Sunday, July 13, 2008

Don't expect Japanese troops in Afghanistan

With five or six weeks until the start of the autumn extraordinary session of the Diet, one of Fukuda Yasuo's responsibilities during the recess is determining his government's approach to the Japanese contributions to operations in and around Afghanistan. The enabling law for the current Maritime Self-Defense Forces refueling mission will expire in January, meaning that if the government wants to extend the mission it will have to do it during the upcoming session.

As noted last month, the government was investigating whether to ramp up Japan's commitment to Afghanistan to include the deployment of Ground Self-Defense Forces personnel to Afghanistan.

Komeito, the LDP's partner in government, may have killed the idea of a ground component. Ota Akihiro, Komeito secretary-general, said Saturday that there are few within the government and the LDP — and, by implication, the bulk of his party — who are enthusiastic about sending ground troops to Afghanistan. Komeito's opposition is probably enough to ensure that the government will do nothing more than push for an extension of the refueling mission, which the DPJ will oppose, prompting the government to use Article 59 to pass the bill for the second straight year. Recall that the LDP has previously conceded to Komeito on this issue: the very fact that the government has to renew the mission again this year is the result of a concession to Komeito last year, shortly after Mr. Fukuda took the reins.

Given that Komeito's thirty-one lower house members give the government its two-thirds majority, it's safe to assume that the lowest common denominator will win the day on this issue, meaning a repeat of last year's spectacle.


Anonymous said...

As the minority partner with the LDP coalition, Komeito is rarely heard from about any issue. But some in the US know about Komeito through their association with the popular Buddhist group called the Sokka Gakkai. The leader of SG, Ikeda Daisaku, has a worldwide reputation as a staunch advocate of world peace and an end to war. So it is appropriate and satisfying that Komeito can wield influence against LDP plans to send SDF ground forces to Afghanistan. My objection to Afghanistan deployment comes down to the association with NATO forces. In contrast to the Iraq deployment which began with Rumsfeld's "coalition of the willing" which was only peripherally connected with NATO through the presence of many EU nations, NATO is officially connected with Afghanistan through the ISAF force structure. The danger for Japan is that NATO is interested in expanding its presence worldwide but especially into Asian waters, by bringing democracies like Japan, S Korea, Australia, and NZ on as associate members and later as full members. NATO will eventually use the infamous Article 5 to intrude in an aggressive way into Asian affairs. The success of the six-party talks shows that the fewer the number of parties involved and the more direct their stake in achieving compromise becomes, the more likely will the talks end in success.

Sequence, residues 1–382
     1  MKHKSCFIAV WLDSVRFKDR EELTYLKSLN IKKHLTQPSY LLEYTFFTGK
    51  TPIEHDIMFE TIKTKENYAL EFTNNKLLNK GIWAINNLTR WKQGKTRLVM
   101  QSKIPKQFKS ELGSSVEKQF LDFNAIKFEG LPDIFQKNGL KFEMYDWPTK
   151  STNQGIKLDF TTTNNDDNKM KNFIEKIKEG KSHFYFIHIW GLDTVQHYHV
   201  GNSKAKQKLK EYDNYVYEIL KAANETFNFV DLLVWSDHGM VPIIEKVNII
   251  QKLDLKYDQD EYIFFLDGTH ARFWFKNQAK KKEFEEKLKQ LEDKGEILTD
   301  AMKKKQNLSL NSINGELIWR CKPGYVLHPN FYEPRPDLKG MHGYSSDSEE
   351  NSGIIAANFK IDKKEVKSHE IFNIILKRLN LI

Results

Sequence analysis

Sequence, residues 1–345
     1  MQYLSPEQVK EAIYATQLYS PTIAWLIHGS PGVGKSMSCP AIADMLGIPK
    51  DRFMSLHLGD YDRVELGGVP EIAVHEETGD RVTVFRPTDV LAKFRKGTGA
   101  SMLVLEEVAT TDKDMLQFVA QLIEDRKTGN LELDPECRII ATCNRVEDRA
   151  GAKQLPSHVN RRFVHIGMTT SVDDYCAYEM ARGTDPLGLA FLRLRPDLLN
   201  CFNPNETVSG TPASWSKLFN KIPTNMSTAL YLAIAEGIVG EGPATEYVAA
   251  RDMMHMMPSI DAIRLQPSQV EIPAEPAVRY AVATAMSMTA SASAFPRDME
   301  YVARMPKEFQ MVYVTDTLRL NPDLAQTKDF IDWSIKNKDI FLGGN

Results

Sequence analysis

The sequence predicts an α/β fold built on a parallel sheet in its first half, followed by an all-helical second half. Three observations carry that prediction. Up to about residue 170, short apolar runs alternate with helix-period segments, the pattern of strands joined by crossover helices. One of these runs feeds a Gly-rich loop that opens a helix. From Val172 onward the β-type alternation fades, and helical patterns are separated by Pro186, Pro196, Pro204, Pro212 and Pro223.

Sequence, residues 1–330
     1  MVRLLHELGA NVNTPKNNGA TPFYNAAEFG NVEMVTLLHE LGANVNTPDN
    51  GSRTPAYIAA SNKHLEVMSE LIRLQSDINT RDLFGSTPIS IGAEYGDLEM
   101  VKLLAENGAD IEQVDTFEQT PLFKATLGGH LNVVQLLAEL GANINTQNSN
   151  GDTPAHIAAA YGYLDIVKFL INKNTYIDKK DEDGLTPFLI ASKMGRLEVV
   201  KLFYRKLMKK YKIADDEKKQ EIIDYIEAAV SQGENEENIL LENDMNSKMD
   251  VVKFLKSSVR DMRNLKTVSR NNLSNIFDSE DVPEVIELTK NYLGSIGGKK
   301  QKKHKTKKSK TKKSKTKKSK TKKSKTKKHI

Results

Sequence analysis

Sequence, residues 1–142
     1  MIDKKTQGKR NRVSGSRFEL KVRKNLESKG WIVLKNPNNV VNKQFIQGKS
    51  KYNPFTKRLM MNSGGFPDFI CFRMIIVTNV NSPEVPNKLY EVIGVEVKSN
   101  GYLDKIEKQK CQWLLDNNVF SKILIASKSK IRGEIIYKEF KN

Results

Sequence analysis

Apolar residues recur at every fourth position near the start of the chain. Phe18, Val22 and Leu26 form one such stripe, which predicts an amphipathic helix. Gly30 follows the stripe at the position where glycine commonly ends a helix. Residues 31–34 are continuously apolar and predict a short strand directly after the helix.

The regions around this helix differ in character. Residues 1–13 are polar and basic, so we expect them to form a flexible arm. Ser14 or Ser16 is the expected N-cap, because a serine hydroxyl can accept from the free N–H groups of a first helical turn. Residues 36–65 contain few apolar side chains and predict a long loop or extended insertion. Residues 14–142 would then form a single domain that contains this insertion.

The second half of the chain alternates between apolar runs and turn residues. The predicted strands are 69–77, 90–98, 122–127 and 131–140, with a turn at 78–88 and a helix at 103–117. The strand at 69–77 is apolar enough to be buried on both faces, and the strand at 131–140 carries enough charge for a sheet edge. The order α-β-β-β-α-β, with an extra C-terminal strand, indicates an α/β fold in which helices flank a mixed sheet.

Anonymous said...

Tobias, I hope you don't mind but I would like to followup the comments I made above with some thoughts and quotes from BBC News (international website) about the current conflict between little Georgia and big Russia. First of all, it is clear that Georgian President Mikhail Saakashvili misunderestimated the reaction of Russia when he decided to invade South Ossetia although aware that there was a contigent of Russian soldiers in the disputed territory. As an acolyte of the US where he received a higher education, he apparently felt that Russia would not do anything risky and bold. But Russia sees its security threatened by the close relationship between the US and Georgia (where Stalin came from). Add to this that the US threatened to bring Georgia and the Ukraine into NATO which Russia strongly protested. The EU partners of the US in NATO appear to have nixed this suggestion of the US because they felt that this was too sensitive a move that could jeopardize their carefully nurtured relationship with Russia. In an interesting piece, BBC News listed nine "Early Lessons from the S Ossetia conflict." The ninth lesson is "in August 1914, the First World War broke out following the assasination in June of Archduke Franz Ferdinand in Sarajevo. It did so because alliances had been formed in Europe which came into play inexorably. Russia supported Serbia, Germany supported Austria, France supported Russia and Britain came in when Belgium was invaded. Alliances must not be entered into lightly or unadvisedly. If Georgia had been in Nato, what would have happened?" My comment is that young Saakashvili reminds me of another young and overly cocky head of State named Shinzo Abe.